Browser Scripting and Google Go

<- Return to Technology blog
The latest era in the so-called "Browser Wars" seems to be focused largely on JavaScript execution speed. With more and more websites using client-side scripting to enhance functionality (Google Docs, Google Maps, Facebook etc.), the faster these scripts can run the better.

Currently the most popular web browsers are Mozilla Firefox, Google Chrome, Microsoft Internet Explorer, Opera and Apple Safari.

In JavaScript execution speed benchmarks, currently Chrome is at the top, with Safari, Firefox following closely for second and third and Opera and finally IE losing out with times over double that of the others.

But what does this actually mean for the average user? Some websites are evolving past the traditional request-response model and employing a much more real-time and dynamic feel. So called web applications make heavy use of technologies such as AJAX and use client-side scripting to allow everything to run as seamlessly as possible for the user. Web applications like Google Docs and Gmail would not be possible in their current form without heavy use of client-side scripting. The most common language currently for this is JavaScript (JS).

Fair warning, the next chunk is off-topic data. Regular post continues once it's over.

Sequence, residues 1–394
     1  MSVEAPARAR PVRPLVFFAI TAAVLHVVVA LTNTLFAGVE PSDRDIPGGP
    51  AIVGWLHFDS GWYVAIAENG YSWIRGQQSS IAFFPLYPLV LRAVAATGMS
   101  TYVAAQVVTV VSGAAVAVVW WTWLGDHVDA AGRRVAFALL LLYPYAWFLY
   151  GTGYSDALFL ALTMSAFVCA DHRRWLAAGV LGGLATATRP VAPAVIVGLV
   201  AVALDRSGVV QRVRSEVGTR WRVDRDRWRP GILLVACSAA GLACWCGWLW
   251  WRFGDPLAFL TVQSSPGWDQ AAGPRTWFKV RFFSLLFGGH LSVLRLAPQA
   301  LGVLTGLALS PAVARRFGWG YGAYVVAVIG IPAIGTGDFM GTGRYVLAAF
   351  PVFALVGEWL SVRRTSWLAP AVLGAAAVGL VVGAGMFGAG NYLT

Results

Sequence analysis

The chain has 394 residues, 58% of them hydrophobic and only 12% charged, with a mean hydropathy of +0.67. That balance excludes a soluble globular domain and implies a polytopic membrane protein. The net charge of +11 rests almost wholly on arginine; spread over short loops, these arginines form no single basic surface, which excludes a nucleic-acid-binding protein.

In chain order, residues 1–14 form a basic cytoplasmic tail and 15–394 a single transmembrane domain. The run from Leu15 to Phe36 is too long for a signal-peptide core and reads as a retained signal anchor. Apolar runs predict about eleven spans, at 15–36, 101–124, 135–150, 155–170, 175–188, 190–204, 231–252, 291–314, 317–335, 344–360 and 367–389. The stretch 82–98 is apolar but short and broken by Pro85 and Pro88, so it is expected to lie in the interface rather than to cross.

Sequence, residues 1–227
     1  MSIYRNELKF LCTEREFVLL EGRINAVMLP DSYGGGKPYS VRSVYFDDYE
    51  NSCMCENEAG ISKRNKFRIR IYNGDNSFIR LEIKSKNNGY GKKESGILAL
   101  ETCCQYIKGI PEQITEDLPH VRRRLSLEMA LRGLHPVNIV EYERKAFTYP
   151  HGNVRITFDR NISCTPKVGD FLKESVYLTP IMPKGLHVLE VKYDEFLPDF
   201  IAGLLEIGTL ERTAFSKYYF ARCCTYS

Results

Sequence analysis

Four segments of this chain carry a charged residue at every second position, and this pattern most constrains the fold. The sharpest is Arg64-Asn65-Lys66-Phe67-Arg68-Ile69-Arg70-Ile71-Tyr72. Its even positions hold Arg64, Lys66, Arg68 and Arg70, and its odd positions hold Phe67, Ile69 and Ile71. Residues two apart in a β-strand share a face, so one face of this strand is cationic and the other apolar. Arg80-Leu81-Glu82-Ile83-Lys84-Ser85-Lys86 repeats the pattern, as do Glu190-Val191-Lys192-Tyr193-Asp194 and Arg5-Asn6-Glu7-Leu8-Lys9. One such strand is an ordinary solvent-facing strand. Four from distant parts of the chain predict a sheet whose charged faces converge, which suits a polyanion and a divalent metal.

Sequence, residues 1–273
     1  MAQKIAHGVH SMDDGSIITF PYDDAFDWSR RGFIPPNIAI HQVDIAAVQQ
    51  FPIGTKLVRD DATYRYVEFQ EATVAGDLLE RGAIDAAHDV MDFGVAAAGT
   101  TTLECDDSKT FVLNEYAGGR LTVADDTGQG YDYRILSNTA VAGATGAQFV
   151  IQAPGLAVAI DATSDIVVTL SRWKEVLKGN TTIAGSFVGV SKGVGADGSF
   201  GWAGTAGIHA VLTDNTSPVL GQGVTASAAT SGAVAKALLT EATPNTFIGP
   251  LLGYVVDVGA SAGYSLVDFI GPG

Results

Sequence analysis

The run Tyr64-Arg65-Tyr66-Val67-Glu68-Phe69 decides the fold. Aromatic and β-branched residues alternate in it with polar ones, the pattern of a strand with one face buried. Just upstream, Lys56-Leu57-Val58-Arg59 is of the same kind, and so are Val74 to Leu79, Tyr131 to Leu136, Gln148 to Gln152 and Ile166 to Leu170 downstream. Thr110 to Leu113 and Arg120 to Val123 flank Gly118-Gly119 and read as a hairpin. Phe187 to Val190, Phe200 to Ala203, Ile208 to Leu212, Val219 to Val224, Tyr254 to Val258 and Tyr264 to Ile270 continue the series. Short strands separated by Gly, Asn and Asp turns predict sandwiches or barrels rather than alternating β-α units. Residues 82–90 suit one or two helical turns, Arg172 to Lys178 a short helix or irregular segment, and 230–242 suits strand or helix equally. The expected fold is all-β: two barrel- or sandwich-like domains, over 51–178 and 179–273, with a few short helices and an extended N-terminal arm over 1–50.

Initially, JS was just used for simple interactions with the user (e.g. displaying prompts, verifying forms before submission to the server etc.). At this stage, execution time was not really an important point, but with increasing reliance on JS, many advances have been made to improve it. The staggering improvement in speed is only just being realised by coders, with some amazing projects currently being developed. Some of these include a pure JS H.264 decoder (allowing H.264 videos to be decoded in real-time at 30 fps), a JS JVM (a Java Virtual Machine, allowing Java application compiled to byte-code to be executed) and even a full x86 system emulator that is currently capable of running Linux and Windows with persistent storage inside a browser using HTML5.

The incredible power of computers these days means that things like this are now possible and browser developers are keen to be at the top performance-wise. Google is obviously seeing the potentials with the introduction of their brand-new scripting language "Go". It will be interesting to see how far this technology has reached in one year's time.